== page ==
The Mayors of London and Greater Manchester are among 17 city leaders who united last week behind what they are calling the “world’s most ambitious clean air plan”.
The mayors and council leaders – together representing 20 million people – signed the plan at a the end of the 2019 National Clean Air Summit in London, which follows the release of the National Air Quality Strategy last month and focused on determining what local governments needed to support the strategy and tackle the country’s air pollution problems.
The leaders called for seven major provisions, including legally-binding targets and timelines, the necessary power and resources for sub-national authorities to implement legislation supportive of cleaner air, and an independent watchdog to ensure accountability.
They also want the government’s proposed Environment Bill to be renamed the Clean Air and Environment Bill.
These are the provisions in the new plan:
• Adopt World Health Organisation recommended air pollution limits as legally binding targets to be achieved by 2030 to guarantee the highest health standards that are supported by improved monitoring that assesses air quality and the powers to enforce.
• Create an independent watchdog that is adequately funded and empowered to hold the Government to account, including through legal action and the levelling of fines, and review and be able to require action needed to reduce air pollution from Government and other public bodies such as Highways England.
• Grant Local Authorities the powers they need, with necessary resources, to deliver zero emission transport networks.
• Enable the setting and enforcement of ambitious standards for local air quality, including for solid fuel stoves. Including powers for regional authorities to control emissions from other fixed sources, such as boilers and combined heat and power sources as well as set energy efficiency standards including for existing buildings.
• Establish adequately resourced local powers to set and enforce emission zones for Non-Road Mobile Machinery such as construction, industry and agricultural equipment.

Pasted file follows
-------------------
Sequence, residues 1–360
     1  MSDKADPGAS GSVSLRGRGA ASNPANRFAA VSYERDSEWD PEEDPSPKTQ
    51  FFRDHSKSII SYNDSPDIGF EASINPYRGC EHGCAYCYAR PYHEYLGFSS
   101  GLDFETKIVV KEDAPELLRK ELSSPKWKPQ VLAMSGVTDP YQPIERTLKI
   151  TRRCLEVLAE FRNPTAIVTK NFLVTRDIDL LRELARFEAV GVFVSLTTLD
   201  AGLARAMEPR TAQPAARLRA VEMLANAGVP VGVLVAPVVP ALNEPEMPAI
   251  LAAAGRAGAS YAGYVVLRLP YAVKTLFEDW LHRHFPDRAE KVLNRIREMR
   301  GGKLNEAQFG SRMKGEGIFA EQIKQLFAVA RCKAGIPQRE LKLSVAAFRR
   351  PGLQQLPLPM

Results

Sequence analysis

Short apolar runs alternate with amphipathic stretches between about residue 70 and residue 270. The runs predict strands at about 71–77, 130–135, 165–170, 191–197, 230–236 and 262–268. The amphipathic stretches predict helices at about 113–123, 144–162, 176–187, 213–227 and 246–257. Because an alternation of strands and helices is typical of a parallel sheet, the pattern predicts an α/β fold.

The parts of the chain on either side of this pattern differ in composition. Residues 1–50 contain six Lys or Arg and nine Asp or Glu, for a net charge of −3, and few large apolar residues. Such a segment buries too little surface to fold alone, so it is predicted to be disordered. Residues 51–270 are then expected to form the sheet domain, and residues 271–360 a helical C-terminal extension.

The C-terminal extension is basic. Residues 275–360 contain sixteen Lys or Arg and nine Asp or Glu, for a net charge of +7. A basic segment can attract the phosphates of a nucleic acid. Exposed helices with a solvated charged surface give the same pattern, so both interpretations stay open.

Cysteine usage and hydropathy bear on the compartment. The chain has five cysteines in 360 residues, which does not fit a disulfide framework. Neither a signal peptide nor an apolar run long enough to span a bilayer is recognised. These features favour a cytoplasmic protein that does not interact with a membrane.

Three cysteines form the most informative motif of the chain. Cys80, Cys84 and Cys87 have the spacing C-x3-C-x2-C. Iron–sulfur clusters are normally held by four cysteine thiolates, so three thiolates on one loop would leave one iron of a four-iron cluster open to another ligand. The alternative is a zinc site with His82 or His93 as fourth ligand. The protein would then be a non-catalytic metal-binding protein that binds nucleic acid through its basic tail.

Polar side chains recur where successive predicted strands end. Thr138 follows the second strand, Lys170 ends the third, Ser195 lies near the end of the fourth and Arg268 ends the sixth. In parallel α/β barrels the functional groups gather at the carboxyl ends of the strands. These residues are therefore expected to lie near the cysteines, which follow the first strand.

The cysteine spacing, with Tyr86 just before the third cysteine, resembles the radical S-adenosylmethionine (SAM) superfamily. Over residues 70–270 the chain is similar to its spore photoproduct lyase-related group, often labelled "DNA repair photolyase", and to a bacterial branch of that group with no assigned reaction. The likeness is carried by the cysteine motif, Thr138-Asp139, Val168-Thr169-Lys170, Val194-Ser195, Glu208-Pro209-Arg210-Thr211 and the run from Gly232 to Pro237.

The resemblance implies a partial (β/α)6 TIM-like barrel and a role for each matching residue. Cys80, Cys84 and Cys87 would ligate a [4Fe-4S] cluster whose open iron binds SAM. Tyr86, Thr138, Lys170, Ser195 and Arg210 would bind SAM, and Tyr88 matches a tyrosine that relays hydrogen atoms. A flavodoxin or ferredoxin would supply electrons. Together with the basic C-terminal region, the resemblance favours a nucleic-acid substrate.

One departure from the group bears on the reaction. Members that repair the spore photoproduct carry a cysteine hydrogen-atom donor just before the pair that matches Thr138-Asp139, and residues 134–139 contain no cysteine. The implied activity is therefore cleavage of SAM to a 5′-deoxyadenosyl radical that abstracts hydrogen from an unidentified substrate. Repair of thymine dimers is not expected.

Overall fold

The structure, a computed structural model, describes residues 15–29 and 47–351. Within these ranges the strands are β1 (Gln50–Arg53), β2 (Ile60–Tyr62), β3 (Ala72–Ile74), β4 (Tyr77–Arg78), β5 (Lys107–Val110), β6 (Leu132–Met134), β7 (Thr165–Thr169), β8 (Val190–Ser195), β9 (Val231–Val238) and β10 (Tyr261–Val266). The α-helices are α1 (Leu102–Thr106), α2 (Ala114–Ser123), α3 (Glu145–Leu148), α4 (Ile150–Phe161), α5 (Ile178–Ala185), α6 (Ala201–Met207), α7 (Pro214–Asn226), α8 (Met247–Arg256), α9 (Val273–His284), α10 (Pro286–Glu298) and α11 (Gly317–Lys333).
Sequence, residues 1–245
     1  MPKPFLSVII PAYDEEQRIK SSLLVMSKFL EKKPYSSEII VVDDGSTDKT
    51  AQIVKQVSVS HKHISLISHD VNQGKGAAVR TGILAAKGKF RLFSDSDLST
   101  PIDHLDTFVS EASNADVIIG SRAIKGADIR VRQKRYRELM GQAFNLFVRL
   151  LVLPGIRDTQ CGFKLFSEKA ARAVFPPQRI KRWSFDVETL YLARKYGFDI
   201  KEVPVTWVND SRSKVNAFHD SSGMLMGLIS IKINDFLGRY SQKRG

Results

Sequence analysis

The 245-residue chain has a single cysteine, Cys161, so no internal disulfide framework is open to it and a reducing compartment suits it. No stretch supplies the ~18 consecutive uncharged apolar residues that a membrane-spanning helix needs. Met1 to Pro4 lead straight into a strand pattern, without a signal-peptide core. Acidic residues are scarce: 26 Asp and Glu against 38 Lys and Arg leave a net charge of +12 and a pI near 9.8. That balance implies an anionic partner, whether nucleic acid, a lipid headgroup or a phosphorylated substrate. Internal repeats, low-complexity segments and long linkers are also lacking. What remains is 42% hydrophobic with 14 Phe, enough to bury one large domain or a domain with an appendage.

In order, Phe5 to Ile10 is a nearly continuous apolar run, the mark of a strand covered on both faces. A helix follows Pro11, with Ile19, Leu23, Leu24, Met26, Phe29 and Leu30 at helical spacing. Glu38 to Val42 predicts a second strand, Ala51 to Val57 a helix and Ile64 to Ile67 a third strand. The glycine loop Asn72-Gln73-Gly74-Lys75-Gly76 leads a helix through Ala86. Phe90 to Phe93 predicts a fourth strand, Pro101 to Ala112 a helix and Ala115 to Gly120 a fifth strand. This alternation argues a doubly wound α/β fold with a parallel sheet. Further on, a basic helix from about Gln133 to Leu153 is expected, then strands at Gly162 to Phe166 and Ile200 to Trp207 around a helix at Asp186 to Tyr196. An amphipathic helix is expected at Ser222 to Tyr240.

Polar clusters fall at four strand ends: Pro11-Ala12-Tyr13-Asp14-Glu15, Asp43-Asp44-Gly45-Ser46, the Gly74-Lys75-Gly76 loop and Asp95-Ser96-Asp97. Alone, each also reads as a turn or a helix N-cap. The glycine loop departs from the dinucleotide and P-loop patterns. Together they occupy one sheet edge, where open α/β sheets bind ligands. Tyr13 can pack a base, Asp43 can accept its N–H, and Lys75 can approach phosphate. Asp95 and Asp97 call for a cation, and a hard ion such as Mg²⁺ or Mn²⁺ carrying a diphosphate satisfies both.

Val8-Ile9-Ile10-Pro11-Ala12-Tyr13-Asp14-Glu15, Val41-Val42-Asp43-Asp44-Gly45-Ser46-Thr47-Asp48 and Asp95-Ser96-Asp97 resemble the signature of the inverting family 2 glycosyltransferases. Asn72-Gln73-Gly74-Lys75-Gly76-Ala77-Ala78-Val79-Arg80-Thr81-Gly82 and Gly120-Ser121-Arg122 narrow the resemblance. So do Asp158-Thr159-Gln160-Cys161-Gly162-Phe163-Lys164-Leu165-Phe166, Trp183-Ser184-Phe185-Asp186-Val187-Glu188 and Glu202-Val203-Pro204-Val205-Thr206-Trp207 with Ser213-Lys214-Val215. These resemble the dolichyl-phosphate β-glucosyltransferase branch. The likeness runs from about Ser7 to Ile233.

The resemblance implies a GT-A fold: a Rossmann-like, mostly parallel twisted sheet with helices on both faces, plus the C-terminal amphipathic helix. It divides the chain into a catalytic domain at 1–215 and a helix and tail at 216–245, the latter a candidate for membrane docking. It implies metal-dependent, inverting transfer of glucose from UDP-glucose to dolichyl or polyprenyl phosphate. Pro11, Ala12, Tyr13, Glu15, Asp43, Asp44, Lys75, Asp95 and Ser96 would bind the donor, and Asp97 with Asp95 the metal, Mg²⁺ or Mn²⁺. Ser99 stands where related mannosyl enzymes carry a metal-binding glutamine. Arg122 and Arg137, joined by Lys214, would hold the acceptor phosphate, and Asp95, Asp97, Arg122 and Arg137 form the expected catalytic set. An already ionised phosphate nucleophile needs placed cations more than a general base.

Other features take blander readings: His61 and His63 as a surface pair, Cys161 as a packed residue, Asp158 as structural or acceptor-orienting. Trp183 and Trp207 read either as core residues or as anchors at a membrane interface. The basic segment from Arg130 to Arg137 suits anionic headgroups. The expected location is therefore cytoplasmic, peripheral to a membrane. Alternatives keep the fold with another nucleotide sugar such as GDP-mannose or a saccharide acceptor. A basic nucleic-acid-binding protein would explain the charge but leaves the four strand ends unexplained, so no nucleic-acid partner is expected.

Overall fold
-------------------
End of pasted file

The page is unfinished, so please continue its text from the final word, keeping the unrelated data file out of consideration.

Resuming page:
• Require co-ordinated action from private and public bodies to improve air quality, such as: ports, Highways England, Network Rail, Homes England, Environment Agency and Directors of Public Health, and provide necessary resource to enable activity.
The event was held in London by the capital’s mayor, Sadiq Khan, the UK100 group of local authorities and UNICEF UK, and also attended by Environment Secretary, Michael Gove, and the Health Secretary, Matthew Hancock.
The authorities calling for greater action are those of: Greater London, Greater Manchester, Cambridge, Leeds, Liverpool, Oxford, Bristol, Leicester, Newcastle, Bath, Southampton, Sheffield, Bradford, Nottingham, Cornwall, Liverpool and Birmingham.
Many of these cities are already taking action against air pollution in response to instructions in 2017 from the national government to develop clean air plans to tackle high levels of nitrogen dioxide on local roads.
Among other actions, London is due to introduce an Ultra Low Emissions Zone in April this year with associated supportive measures, while Greater Manchester is in the midst of developing a Clean Air Plan, having shortlisted the most effective potential measures for bringing down air pollution in its territory.
Levels of nitrogen dioxide, mostly produced by diesel vehicles, have breached limits set by the European Union in most urban areas in the UK since 2010.
Read the press release on the UK100 website: City leaders representing 20 million people sign up to world’s most ambitious clean air plan
Banner photo from london.gov.uk.